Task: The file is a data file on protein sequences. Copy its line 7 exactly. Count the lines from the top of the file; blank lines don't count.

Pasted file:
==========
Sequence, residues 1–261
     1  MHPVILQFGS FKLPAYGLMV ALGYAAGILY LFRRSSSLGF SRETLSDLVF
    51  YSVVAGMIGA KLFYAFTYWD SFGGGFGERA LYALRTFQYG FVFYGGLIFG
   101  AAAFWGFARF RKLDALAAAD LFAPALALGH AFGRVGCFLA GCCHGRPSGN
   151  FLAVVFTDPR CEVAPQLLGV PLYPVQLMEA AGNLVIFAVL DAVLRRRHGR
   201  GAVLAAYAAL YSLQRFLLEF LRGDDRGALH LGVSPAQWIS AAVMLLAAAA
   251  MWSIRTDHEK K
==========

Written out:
   251  MWSIRTDHEK K